Cato Institute: Can The Government Destroy Bitcoin?

News, Opinion, Regulation | October 5, 2017 By:

Cato Institute’s William Luther details the history of world government monetary regulation and speculates how it may be applied to cryptocurrency…..

China-based cryptocurrency exchange BTCC suspended all domestic trading in yuanlast weekend. The decision came on the heels of a September 5 statement from regulatory authorities in China, which required all domestic cryptocurrency exchanges publish closing announcements, stop registering new users, and establish a schedule to cease yuan-denominated trading by September 15. Huobi and OKCoin — two other exchanges based in China — have announced similar plans to stop trading. To be clear: China has not banned the use of cryptocurrencies. It has banned cryptocurrency exchanges and initial coin offerings (ICOs). Even still, it has prompted some to consider whether a government might ban cryptocurrencies like bitcoin — and, perhaps more importantly, whether such a ban would be effective.

There seems to be no denying that governments can ban cryptocurrencies. BoliviaEcuadorKyrgyzstan, and Bangladesh have already done so. Russia issued a draft billto ban cryptocurrencies in October 2014 and recent rumors suggest it might follow through. More broadly, governments have taken steps to prevent other alternatives to their preferred monies. Cambodia recently suggested it might ban the dollar. Syriaprohibited the use of any foreign currency in 2013. And the U.S. government shut down Liberty Dollar and E-Gold in the mid-2000s. Can governments ban cryptocurrencies? Absolutely. The question is whether — or, to what extent — a ban will actually discourage use.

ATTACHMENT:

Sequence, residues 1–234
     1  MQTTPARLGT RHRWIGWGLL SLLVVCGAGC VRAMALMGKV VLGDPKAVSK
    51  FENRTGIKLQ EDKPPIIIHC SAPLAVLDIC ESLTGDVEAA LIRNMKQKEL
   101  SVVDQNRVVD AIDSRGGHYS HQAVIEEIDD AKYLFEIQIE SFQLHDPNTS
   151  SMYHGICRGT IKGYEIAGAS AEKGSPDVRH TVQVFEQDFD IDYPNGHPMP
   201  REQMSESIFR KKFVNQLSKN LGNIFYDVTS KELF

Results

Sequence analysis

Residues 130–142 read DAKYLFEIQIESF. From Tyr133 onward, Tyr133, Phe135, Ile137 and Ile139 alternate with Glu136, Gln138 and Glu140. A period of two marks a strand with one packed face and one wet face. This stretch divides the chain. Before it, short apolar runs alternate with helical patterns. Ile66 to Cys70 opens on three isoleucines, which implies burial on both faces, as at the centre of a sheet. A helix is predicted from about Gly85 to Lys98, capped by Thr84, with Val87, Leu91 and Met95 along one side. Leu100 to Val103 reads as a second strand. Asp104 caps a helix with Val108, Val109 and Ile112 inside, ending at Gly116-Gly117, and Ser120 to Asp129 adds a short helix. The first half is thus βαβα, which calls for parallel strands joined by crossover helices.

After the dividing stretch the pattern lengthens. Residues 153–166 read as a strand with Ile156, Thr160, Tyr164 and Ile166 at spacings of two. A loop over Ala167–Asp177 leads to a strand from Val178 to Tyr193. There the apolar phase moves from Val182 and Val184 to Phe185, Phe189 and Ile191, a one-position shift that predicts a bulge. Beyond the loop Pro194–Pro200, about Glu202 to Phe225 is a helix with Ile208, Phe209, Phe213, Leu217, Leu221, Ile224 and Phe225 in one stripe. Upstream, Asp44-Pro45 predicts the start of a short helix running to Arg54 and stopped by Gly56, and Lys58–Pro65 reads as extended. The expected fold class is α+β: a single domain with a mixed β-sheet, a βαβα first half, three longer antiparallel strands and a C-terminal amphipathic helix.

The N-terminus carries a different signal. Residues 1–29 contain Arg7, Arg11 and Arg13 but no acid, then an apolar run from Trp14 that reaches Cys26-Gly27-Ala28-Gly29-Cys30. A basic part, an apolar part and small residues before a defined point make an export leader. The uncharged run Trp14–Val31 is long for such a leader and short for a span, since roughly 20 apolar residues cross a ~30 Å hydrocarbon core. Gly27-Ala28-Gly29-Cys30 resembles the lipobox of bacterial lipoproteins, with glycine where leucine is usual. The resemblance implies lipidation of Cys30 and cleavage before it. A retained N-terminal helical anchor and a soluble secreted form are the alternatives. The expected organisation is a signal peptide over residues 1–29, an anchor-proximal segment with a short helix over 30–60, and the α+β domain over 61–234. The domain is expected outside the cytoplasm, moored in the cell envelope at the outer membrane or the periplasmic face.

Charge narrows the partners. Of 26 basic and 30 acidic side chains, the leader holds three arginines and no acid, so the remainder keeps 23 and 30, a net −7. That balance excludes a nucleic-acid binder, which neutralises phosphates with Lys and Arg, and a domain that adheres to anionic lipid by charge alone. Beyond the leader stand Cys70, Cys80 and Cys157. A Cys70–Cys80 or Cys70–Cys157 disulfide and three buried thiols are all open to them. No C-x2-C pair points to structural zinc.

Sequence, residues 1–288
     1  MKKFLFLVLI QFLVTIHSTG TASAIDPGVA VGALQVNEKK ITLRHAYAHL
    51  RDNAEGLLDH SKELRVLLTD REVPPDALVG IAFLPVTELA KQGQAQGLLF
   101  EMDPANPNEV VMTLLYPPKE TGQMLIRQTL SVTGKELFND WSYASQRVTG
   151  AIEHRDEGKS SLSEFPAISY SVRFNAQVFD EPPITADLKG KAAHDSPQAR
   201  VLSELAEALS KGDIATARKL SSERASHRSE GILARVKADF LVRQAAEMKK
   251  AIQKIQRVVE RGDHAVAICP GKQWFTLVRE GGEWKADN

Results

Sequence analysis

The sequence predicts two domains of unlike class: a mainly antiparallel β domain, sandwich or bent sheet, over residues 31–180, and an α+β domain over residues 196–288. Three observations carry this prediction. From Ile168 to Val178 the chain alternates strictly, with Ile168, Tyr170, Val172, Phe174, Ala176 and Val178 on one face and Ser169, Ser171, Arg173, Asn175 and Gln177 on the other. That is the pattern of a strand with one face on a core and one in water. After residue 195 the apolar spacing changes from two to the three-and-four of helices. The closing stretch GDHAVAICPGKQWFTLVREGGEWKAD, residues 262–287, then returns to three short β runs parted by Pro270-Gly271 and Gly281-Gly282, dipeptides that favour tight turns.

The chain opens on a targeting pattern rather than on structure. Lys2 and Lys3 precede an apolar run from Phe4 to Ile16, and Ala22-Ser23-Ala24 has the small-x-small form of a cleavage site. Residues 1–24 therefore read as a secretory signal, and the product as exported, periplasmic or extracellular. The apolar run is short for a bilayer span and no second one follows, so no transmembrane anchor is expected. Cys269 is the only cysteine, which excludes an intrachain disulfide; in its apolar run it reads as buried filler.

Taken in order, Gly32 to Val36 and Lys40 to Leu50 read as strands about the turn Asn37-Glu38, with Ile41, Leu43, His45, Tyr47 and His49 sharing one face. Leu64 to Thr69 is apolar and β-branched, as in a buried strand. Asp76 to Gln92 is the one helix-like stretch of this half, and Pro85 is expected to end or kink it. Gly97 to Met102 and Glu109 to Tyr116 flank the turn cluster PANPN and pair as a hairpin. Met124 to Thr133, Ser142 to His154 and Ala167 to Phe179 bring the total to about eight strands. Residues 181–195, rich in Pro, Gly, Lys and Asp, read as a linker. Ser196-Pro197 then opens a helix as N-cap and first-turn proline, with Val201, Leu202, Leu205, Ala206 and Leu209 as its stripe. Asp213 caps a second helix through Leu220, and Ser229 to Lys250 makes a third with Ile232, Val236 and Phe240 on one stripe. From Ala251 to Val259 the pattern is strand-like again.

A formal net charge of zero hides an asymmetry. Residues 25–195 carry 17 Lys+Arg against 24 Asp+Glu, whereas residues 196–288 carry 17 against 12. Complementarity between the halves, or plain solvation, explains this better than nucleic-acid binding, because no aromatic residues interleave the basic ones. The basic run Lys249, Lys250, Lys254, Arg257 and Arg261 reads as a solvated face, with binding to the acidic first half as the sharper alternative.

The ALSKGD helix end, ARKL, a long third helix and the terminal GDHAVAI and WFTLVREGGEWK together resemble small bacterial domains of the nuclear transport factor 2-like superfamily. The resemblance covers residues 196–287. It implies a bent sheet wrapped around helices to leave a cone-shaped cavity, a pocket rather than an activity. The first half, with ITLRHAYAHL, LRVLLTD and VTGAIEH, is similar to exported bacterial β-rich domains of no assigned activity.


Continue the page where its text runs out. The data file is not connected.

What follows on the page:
Some bitcoin proponents have argued that governments cannot really prevent bitcoin use. Jon Matonis once stated that “a government ban on bitcoin would be about as effective as alcohol prohibition was in the 1920s.” How could a government prevent people from using bitcoin? It’s online. It’s pseudonymous. And, as Matonis notes, “demand for an item […] does not simply evaporate in the face of a jurisdictional ban.”

Or, does it? For starters, one must recognize that monetary demand — that is, the demand to use an item as a medium of exchange — is not quite like the demand for most other goods. Monies are subject to network effects. I can enjoy a fine bathtub gin even if no one else does. But the usefulness of a would-be money like bitcoin depends crucially on whether other people are using it. We must coordinate beliefs. If one does not believe others will use bitcoin, she will be less inclined to accept it herself. For cryptocurrencies that lack some non-monetary use, that means demand might fall to zero even if everyone would prefer it to the relevant alternative.